15

The question asks why water has a larger angle than other hydrides of the form $\ce{XH2}$ in particular $\ce{H2S}$ and $\ce{H2Se}$. There have been other similar questions, so an attempt at a general answer is given below. There are, of course, many other triatomic hydrides, $\ce{LiH2}$, $\ce{BeH2}$, $\ce{BeH2}$, $\ce{NH2}$, etc.. It turns out that some are ...


15

Well, let's reconstruct that starting from the very right side, where it says a $\ce{C_6H_5}$. The ring and the $\ce{CO}$ group would be a benzaldehyde if it had an $\ce{H}$ instead of an $\ce{N}$, right? Or a benzoic acid if it was $\ce{OH}$ instead of $\ce{N}$. So what would it be if it had an $\ce{NH_2}$-group? It would be a benzamide. If the $\ce{N}$ is ...


14

CCDC doesn't contain any molecules of such geometry. The closest topology observed is among pnictogens such as $\ce{P, As, Sb}$, which form tetrahedron units $[\ce{P4}]$, $[\ce{As4}]$, $[\ce{Sb4}]$ which are readily coordinating with Au, Rh, Ag and Cu by edge-sharing: The first publication (1) tetraphosphido-ligand presents the following structure of $\ce{...


14

It is very convenient to use crystal field theory to discuss this. It is usually assumed that in octahedral coordination the energy levels of the five d-orbitals are split, with two orbitals ($d_{z^2}$ and $d_{x^2-y^2}$) well above the other three. The splitting is assumed to be large enough to overcome electron pairing energy. The first six electrons ...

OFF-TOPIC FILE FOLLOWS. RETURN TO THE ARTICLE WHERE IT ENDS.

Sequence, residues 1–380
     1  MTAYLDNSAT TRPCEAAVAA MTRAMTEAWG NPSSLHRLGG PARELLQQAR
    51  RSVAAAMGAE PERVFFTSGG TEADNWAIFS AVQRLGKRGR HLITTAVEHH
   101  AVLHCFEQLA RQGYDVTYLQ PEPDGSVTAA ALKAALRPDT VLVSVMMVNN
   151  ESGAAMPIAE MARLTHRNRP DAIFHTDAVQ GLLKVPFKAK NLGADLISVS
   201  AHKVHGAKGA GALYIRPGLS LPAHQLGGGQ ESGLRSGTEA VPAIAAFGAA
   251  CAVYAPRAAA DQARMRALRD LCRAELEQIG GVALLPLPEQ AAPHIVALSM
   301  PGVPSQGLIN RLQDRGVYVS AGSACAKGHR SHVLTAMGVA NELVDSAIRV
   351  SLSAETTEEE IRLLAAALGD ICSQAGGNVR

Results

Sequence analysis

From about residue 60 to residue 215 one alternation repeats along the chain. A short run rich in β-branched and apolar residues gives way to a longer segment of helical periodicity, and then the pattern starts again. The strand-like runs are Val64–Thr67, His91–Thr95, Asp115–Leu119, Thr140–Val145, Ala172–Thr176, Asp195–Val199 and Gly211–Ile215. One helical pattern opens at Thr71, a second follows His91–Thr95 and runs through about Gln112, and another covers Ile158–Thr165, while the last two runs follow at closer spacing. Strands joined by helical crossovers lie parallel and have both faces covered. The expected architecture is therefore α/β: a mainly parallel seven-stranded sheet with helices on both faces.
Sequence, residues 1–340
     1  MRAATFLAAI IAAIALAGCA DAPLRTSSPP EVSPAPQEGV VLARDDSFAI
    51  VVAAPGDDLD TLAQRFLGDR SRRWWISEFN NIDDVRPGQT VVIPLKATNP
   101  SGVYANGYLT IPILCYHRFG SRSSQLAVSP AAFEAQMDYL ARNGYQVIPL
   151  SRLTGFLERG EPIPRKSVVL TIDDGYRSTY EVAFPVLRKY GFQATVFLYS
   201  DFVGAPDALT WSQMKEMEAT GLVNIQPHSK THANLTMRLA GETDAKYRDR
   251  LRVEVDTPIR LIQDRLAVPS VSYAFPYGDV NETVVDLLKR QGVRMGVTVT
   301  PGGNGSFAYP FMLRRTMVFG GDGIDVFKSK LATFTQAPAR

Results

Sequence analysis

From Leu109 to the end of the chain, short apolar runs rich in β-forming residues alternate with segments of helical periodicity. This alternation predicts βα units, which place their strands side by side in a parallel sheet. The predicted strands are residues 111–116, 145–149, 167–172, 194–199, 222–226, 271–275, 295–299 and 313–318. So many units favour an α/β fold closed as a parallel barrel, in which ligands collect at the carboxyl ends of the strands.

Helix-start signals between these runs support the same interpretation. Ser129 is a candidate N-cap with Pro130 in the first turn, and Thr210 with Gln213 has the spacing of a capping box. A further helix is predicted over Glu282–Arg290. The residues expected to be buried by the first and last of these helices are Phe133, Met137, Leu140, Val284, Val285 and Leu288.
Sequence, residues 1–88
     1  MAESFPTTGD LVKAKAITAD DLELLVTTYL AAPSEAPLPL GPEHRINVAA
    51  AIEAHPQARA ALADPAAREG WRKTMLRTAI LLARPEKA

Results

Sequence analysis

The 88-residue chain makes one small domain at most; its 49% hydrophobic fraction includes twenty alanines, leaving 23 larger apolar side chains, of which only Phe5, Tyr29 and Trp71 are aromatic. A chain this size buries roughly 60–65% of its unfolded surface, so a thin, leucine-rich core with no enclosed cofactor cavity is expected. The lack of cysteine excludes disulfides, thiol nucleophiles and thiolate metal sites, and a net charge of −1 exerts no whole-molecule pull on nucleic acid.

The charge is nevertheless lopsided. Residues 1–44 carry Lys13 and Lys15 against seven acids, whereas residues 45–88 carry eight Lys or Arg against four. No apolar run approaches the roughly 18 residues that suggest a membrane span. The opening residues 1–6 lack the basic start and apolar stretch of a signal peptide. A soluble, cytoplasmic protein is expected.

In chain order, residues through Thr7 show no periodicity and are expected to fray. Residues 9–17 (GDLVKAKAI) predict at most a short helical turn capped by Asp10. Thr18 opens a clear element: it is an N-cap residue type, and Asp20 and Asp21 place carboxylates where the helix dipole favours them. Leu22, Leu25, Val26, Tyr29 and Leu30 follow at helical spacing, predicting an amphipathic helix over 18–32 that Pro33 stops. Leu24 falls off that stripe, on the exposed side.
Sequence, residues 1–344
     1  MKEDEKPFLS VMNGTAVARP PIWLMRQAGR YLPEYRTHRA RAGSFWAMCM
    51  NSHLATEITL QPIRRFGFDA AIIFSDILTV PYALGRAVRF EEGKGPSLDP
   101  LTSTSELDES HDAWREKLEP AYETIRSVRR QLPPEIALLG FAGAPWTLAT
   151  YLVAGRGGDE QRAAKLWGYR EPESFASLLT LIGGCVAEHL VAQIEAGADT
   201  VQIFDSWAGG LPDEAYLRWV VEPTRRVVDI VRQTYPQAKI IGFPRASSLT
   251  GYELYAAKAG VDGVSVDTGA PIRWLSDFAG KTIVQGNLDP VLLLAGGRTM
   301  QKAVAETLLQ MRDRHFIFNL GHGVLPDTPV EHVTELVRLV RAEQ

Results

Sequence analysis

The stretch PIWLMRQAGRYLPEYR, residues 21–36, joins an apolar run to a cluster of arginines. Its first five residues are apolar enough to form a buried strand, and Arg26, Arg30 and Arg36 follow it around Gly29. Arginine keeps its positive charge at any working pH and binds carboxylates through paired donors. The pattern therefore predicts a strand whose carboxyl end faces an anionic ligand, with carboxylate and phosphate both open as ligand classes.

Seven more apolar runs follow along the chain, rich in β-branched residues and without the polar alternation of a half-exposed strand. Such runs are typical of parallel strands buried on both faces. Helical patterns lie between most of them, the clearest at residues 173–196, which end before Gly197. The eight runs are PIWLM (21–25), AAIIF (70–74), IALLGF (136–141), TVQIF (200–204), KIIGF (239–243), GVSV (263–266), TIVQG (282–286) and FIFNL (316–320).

14

No, VSEPR theory does not allow for a coplanar arrangement. Let us consider allene and its orbitals: Source. Green indicates $\mathrm{p}$ orbitals; blue $\mathrm{sp^2}$; and red $\mathrm{s}$. Hybridization The terminal carbons are $\mathrm{sp^2}$ hybridized, and form three $\sigma$-bonds each. This means that each terminal carbon has one unhybridized $\...


13

In a rigorous geometrical sense, there is no difference between tetrahedron and trigonal pyramid--the terms both mean the same thing. In colloquial and chemical use, however, 'tetrahedron' typically implies the 'regular tetrahedron', where all four faces are equilateral triangles. Chemically speaking, when referring to these two shapes as descriptors of ...


13

First off, it was very astute of you to recognize that if the radical formed at carbon 3 (the methylene carbon in the starting compound) is pyramidal, then the radical would be chiral ( the lone radical electron serving as the 4th different substituent on that carbon) and 4 different radicals would be possible. In a typical carbocation, the carbon bearing ...